Resist the temptation to rake or blow your fallen leaves. Instead, mow them into your lawn to provide nutrients for next spring. Why spend money on mulch and fertilizer when you can make your own? Mulched by your lawn mower, your leaves will be torn into fine enough pieces that bacteria will fully decompose them over the winter. Always wait until a dry day for mowing.
Even the hardiest roses have bloomed their last by early November. It’s time to trim your roses down to a height of about fifteen inches. To better protect the bush against winter damage, create a chicken-wire fence about a foot in diameter around your trimmed rose bush and fill it with leaves.
Do Not Cut them Down. We’ve all been trained to cut our perennials to the ground in the fall. Now, experts confirm that, ecologically speaking, leaving those perennials in place is a better idea. Birds will eat the seeds on the tops of stalks throughout the winter. Native bees will winter over in the hollow stems of many flowers. Some butterfly and other beneficial insects winter over in the leaf debris at the base of the plants or under shrubs. So, save yourself some time and, unless the perennial is diseased, leave it up for fall and winter.
Keep those fallen leaves in your shrubs! Yes, for decades we’ve been taught that a tidy landscape required that all those oak and other ‘sturdy’ leaves need to be meticulously pulled out of every shrub and from under every tree. And, for decades, it turns out we’ve been given bad advice. Those fallen leaves provide an additional physical layer of organic materials above ground, providing food, shelter, and nesting or bedding materials for beneficial wildlife. It also gives overwintering protection for a number of insects, which both provides food for bird. The soil around the shrub is also a beneficiary of those leaves. The compost feeds a vast number of microbes in the soil.
There’s nothing more forlorn than spring bulbs that never got planted. In our part of the country, late October and early November are prime planting times because it allows bulbs to begin growing roots before the ground freezes. If time has gotten away from you, you can still plant later in the month: the trick is to add a layer of mulch over the planted bulbs. The mulch will slow the process of the ground freezing, giving bulbs a few precious weeks to establish roots.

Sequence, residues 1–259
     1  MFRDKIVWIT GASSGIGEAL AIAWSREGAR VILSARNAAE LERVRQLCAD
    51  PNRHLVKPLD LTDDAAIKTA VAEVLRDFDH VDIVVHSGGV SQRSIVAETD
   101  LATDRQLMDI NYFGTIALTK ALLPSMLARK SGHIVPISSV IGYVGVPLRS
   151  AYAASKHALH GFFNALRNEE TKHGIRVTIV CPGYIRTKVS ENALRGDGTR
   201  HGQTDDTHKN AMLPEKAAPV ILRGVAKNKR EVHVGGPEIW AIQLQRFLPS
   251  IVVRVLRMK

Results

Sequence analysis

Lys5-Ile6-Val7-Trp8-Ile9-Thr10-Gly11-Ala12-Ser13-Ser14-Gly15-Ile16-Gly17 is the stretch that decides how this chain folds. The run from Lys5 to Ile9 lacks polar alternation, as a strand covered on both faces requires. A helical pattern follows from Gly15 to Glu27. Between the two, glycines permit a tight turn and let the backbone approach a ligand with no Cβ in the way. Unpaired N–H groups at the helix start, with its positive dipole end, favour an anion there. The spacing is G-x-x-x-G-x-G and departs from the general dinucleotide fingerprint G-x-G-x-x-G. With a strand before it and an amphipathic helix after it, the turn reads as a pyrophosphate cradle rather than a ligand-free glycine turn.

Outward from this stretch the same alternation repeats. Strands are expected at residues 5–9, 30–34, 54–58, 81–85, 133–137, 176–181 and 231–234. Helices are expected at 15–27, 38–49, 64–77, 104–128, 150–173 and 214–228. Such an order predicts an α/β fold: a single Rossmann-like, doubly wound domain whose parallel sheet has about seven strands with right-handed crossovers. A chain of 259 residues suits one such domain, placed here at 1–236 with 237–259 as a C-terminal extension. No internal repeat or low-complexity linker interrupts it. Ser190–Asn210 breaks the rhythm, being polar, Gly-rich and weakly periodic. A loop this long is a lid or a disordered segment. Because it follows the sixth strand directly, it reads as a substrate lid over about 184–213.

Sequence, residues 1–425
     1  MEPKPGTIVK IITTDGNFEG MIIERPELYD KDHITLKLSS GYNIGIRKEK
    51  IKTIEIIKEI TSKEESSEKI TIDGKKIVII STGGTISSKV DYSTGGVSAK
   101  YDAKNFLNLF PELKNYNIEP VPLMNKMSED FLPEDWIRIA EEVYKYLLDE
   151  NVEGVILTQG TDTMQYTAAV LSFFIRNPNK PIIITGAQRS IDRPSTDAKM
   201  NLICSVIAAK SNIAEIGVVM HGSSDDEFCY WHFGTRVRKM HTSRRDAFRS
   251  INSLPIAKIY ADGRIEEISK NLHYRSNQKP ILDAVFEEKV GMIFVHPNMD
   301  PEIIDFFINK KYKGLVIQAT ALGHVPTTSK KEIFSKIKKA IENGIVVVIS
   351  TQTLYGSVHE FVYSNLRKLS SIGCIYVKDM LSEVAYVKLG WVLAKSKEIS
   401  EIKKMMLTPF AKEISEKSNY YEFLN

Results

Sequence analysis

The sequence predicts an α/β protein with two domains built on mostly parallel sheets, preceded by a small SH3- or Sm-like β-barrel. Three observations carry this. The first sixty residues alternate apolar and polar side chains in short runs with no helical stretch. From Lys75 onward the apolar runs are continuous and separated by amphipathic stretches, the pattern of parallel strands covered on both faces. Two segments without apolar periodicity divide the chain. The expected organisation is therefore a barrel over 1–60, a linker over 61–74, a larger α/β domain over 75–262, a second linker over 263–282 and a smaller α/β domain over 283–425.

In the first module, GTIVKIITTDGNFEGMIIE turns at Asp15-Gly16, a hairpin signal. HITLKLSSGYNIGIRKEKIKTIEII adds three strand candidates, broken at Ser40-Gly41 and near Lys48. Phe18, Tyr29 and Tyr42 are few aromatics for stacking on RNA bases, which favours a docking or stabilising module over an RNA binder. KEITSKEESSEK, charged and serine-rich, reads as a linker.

If you had a vegetable garden this season, everything ought to be out of it by early November. Even Brussels sprouts have had a good frost and are ready to pick. You can save yourself a rototilling next spring by covering your now-bare garden with several inches of mulched leaves from your lawn. Over the course of the winter, those leaves will break down, adding nutrients to the soil, and making your garden ready to plant next April or May.
Got arborvitae or other evergreens that deer love? The best deterrent is bird netting placed loosely around the tree or shrub. You want your evergreens to keep getting light and air to keep them healthy. Wrapping an evergreen in burlap is exactly the wrong prescription: it cuts off sunlight and smothers the plant, all while providing a comfortable winter home for insects and rodents.
Are you thinking about a ‘living’ Christmas tree this year? You won’t purchase the tree until December, but you can do yourself (and the tree) a great favor by preparing the hole into which you’ll place it now, rather than trying to dig through frozen soil next January. Once dug, covert the hole and the soil with a tarp to prevent both from freezing solid.
Time to Cover Up Perennials
Here are some other general guidelines for putting your perennial garden to bed for the winter.
Cutting Back: The general rule is to leave any plant that has green, good looking foliage and cut back those that have turned yellow or brown. You shouldn’t cut down woody plants such as lavender, roses, and Russian Sage, or early spring bloomers such as creeping phlox, candytuft, Euphorbias, or soapwort.
Leaves: Although chopped leaves are great mulch and soil amendment for perennial gardens, whole leaves that fall into the garden should be removed.
Grasses: Most grasses are left in the garden because they supply winter interest in otherwise bare beds. Cut them down from February on if they start to look tattered.
Soil Amendment: Late fall is a great time to spread compost or composted manure over the surface of a perennial bed. All you need is about an inch of compost or manure.
Transplanting: Be sure to water your transplants well, and apply a layer of dark compost on the top of the soil to absorb the heat of the sun. When the soil is kept warmer the roots will grow and reestablish more quickly.
pH Adjustments: If a soil test has indicated that your perennial garden is too acidic, lime can be applied at this time of year. (Briggs Nursery, North Attleborough MA)